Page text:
Tuesday, December 8, 2015

Flagship Craft Lager

On the same shopping trip that resulted in buying the Coors Banquet that I wrote about in my previous post I decided to also get myself some craft lager. Wanting to try something I had not had before I perused the collection of singles rather than splashing on a 6 pack. I learnt my lesson with buying 6 packs of craft lager when trying out Samuel Adam's Noble Pils.

As the aisle I was standing in was in a supermarket rather than a specialist beer retailer the selection of craft lagers was somewhat meagre. I did though find a craft lager that I had never had before...


Now, I know there will be people looking at that picture and wondering where the craft lager is, it's the rather fetching copper liquid that I poured out of the can into the glass. According to the ever flexible definition of a craft brewery espoused by the Brewers Association, America's oldest family owned brewery became a craft brewery in 2014, and if I have understood the numbers correctly, Yuengling Traditional Lager instantly became the best selling craft lager in the US. It really was remiss of me to have not drunk it already, and how was it? Well, here goes:
  • Sight - orange copper, topped with a thin, loose bubbled, white head that rather surprisingly didn't disappear quickly
  • Smell - imagine walking into a pub first thing in the morning, that distinct beer smell that pubs have, that, with some light butter and earthiness lingering in the background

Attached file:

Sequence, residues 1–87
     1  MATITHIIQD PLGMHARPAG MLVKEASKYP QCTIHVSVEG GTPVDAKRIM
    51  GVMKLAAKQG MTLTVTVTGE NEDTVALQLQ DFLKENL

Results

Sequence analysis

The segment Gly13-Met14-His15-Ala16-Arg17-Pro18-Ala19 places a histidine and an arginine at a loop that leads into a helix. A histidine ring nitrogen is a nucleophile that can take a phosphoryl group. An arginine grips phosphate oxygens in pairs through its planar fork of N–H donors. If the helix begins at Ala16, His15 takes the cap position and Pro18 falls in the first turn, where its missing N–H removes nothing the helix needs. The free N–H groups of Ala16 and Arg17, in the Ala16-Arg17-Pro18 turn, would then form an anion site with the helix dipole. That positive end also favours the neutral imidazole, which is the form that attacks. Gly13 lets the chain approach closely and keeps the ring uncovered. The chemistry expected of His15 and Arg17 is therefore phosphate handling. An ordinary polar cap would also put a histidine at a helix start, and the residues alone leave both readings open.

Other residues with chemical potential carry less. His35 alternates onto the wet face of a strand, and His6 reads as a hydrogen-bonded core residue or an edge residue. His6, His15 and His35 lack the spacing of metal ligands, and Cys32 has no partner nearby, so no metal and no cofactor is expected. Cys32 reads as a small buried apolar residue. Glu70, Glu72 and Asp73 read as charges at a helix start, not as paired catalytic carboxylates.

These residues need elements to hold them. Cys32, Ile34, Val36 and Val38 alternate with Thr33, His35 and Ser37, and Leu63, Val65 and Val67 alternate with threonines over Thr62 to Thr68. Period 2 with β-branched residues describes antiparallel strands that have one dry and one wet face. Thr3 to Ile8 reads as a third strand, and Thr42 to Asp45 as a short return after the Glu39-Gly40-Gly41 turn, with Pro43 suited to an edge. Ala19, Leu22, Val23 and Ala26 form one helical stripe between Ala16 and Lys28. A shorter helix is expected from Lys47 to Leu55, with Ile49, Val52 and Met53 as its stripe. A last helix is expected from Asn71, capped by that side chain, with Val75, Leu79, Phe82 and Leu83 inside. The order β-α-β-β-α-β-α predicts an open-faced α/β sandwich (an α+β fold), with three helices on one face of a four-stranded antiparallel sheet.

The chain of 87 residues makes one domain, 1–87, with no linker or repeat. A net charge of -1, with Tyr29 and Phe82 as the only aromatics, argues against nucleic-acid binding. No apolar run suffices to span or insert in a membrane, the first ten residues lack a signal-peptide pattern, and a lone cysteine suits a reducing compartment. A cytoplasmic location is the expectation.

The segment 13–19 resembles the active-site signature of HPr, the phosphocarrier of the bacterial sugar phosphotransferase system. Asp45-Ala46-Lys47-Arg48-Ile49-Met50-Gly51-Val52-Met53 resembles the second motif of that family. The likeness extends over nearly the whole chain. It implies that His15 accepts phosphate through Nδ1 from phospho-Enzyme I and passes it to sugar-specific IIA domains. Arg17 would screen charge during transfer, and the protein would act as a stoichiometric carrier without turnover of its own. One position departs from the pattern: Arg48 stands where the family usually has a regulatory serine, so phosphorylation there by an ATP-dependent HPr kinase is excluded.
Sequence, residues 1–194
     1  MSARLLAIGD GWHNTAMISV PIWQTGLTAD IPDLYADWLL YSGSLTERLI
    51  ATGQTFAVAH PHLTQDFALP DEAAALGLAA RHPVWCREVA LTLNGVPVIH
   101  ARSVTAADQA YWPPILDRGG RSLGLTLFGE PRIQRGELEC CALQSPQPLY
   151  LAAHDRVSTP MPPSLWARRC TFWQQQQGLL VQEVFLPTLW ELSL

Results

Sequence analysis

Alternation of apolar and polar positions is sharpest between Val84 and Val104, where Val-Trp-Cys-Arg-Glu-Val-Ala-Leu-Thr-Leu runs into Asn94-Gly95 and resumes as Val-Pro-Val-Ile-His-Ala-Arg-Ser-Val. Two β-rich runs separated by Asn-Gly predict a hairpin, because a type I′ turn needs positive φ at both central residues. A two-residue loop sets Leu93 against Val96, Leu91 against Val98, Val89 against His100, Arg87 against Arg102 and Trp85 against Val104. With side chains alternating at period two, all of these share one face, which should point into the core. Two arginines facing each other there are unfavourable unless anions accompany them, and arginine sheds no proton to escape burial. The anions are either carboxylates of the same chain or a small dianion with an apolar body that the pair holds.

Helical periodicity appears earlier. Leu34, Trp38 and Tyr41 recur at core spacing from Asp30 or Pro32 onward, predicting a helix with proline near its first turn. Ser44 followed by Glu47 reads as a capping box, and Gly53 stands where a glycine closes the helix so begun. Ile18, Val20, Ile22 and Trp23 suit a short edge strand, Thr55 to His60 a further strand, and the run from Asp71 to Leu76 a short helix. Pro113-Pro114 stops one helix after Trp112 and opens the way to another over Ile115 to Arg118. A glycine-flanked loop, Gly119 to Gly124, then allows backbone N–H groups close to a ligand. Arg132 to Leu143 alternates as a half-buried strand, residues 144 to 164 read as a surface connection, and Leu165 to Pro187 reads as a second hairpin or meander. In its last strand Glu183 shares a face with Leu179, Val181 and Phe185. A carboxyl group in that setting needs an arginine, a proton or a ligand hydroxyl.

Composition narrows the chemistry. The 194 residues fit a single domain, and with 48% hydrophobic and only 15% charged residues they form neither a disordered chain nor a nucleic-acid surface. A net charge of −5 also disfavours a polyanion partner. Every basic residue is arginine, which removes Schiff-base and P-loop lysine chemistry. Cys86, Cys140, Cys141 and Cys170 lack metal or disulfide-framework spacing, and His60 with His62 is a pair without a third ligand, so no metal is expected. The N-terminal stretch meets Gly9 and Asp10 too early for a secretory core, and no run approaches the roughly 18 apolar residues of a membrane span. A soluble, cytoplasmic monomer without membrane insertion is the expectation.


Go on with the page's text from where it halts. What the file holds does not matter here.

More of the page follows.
• Taste - distinctly grainy, like Weetabix, with a toasty taste in the middle and a slightly nutty finish
  • Sweet - 2/5
  • Bitter - 1.5/5

The thing that really surprised me with this was that the body was more on the medium side of light than I expected. It was also nowhere near as carbonated as I expected, no fizzy mess here thankfully. Overall it was a nicely balanced beer that I really rather enjoyed and at 4.4% definitely one I can see myself ordering in the pub from time to time.


Without wanting to get into the politics of what makes a craft brewer, it is after all the BA's definition and they can do with it as they will, Yuengling tick every box when you think about a bit. Small, independent, and traditional, it's just that the tradition they adhere to isn't some puritanical obsession with Reinheitsgebot, but a very American tradition, innovation - a tradition that these days sadly gets confused for having an ingredient wankfest.

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